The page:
The YBB Washer

So many commercial and home brew constructors use Stauff type clamps for attaching yagi elements to the boom but I have until now avoided these because I hate the huge bolt holes that are typically at least 6.5mm in diameter which is sloppy even on a grossly overkill M6 bolt. Of course these clamps were not designed for making antennas but are extremely useful as they come in pretty much every tube diameter there is.

Stauff clamp example

Usually instead I have been making my own elements mounts in some way or other but I am building some HF beams and it’s just convenient to use off the shelf Stauff clamps so I decided I needed to do something about this issue. I recently assembled a commercial beam that had a tapped boom so next to no slop bolt to boom but you could move the element side to side about ±6 inches or more at the ends of a 50MHz element. I had to use a square to mount them:

squaring the elements

So I set about as usual pondering (usually when I should be sleeping!) over how I could stop all the hideous play. Another good thing for me about the Stauff clamps is that they provide 3D CAD models for free download so I was able to download some and do some thinking. I prefer to use much smaller bolts like M4 for my antennas which is more than strong enough in a good design. My 2m and 70cms elements are held on with 2x M3 bolts which is also more than strong enough.

The recess in each half for the bolt head according to the 3D model is 12mm diameter, so I decided that a simple solution would be 2 delrin or similar washers 12mm round with a 4mm bore fitted to the half nearest the boom/mounting plate. They are not needed in the top half because the top clamp will self centre onto the element tube:

The YBB washer design

That would do it I decided. I have a very small lathe and I checked I can easily buy rod in 12mm diameter.

G1YBB baby lathe

Next step was to get some Stauff clamps ordered to ensure they matched the 3D models I had. On measuring the bolt head recess they were actually more like 12.4mm (at the top anyway), probably due to needing slight draught for injection moulding. Hmm. Next size rod size was 14mm. I do have the lathe, but I’d rather not turn down enough rod to make dozens of washers. I wanted to just drill and part off. I decided to check the supplier notes on tolerances. Some good news there! as most of these materials are very often turned down, the tolerance was stated as +0.2 to +0.7mm. Good stuff. Let’s get some in. I ended up ordering acetal for its low absorption quality and as it was very cheap!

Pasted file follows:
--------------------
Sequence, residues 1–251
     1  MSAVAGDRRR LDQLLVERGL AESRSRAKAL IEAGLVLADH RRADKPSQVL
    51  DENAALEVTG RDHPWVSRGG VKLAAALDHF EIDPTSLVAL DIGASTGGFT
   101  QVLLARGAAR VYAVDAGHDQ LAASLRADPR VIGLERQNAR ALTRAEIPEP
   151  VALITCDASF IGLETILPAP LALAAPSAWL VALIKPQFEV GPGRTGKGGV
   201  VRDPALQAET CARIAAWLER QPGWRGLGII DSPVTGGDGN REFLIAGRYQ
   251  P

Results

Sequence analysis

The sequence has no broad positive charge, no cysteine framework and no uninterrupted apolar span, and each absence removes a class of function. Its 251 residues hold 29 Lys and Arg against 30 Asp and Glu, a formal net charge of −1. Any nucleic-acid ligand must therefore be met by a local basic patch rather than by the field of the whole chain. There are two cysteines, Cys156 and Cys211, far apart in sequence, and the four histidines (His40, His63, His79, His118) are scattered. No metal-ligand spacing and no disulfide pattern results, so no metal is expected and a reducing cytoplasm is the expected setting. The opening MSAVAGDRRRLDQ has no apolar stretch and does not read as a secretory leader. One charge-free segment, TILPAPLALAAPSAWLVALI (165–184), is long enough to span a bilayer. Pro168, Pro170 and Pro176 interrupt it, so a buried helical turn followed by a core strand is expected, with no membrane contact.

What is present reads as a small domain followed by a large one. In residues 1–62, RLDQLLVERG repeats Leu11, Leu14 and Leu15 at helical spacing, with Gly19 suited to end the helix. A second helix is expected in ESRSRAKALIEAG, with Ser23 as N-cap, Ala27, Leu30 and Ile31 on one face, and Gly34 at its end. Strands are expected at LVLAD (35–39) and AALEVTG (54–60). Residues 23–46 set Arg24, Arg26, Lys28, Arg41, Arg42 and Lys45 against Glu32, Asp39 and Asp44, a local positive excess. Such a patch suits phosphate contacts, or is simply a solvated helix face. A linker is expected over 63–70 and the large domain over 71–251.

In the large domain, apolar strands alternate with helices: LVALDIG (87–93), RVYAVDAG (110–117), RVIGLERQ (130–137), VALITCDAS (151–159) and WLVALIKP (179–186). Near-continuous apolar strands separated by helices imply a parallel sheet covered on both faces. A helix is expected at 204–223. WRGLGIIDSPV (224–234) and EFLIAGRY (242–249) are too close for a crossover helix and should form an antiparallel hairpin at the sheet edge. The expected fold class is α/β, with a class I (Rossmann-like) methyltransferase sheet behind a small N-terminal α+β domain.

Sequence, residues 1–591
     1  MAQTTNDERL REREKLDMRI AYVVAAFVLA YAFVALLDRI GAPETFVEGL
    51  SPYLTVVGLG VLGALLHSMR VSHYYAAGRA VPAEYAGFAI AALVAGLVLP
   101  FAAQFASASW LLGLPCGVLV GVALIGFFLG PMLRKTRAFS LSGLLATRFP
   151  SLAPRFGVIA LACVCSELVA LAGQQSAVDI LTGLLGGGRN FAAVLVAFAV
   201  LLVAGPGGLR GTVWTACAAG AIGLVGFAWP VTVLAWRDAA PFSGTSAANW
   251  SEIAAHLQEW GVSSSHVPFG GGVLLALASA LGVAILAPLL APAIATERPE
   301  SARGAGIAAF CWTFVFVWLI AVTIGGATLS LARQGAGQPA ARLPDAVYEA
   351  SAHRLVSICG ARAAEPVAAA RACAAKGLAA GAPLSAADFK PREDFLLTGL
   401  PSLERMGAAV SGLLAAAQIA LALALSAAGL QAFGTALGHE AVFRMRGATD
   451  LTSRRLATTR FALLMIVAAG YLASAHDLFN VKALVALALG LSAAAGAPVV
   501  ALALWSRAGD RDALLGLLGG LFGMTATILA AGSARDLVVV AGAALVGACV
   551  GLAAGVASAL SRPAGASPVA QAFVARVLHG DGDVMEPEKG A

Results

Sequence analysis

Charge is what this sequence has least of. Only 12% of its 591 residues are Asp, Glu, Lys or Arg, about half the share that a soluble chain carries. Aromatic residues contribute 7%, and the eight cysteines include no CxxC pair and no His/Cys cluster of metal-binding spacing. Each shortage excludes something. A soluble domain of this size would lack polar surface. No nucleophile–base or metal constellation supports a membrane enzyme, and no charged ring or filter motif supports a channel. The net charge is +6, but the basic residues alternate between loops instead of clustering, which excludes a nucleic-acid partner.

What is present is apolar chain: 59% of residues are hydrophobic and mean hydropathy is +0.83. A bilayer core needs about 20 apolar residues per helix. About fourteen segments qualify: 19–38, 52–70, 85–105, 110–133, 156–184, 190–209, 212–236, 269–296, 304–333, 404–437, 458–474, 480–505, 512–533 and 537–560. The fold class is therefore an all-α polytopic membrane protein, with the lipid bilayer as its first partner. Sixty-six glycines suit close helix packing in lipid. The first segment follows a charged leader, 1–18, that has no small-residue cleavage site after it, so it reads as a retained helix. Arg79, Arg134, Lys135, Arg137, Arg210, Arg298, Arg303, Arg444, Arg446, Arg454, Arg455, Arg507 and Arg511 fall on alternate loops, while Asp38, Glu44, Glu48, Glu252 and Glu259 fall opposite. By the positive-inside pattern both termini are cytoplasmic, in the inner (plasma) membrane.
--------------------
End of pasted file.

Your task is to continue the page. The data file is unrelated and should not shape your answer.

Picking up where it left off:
Once it arrived I did a test fit and the bar fitted a couple of mm deep into the bolt head recess then started getting tight, that draught taper I imagine. Ideal. So it was off to my baby lathe and get to work, first running a 4mm drill up the centre then parting off 5mm lengths:

The YBB washer pair

Next to press them in. I discovered that the 16mm and 12.7mm Stauff clamps had an ever-so-slightly larger bore bolt head recess than the 10mm Stauff did. And coupled with the slight edge burr from parting off (seen in pic above) it would have been impossible to press them in by hand. However, I already have an arbour press that I got for forming bent box section boom supports, so in a couple of seconds they were fitted easily:

pressed in with arbour press

Soon I had a complete set of Stauff clamp pairs with captive washers on one half only:

finished set of clamps pairs

The proof of the pudding is in the eating or something along those lines, so I thought I best test them! The day before I had drilled out the mounting plates for the 2 beams we are making so I clamped one in the drill vice and just fitted two M4 bolts into the holes to see how it worked:

That’ll do, as the Yorkshire based advert says… I am happy now that single clamps on the boom will hold a 50/70MHz element securely and square. And once you get to 2 clamp pairs on a 28MHz element or bigger there should be no play at all.

Many might say that this is all overkill and 1000s of antennas have been made and used very successfully with none of this effort. This is of course true but I like to build ALL my antennas to exacting UHF accuracy including the HF ones. I think attention to detail is worth it and my VHF/UHF contesting results using my home brew antennas makes it worthwhile.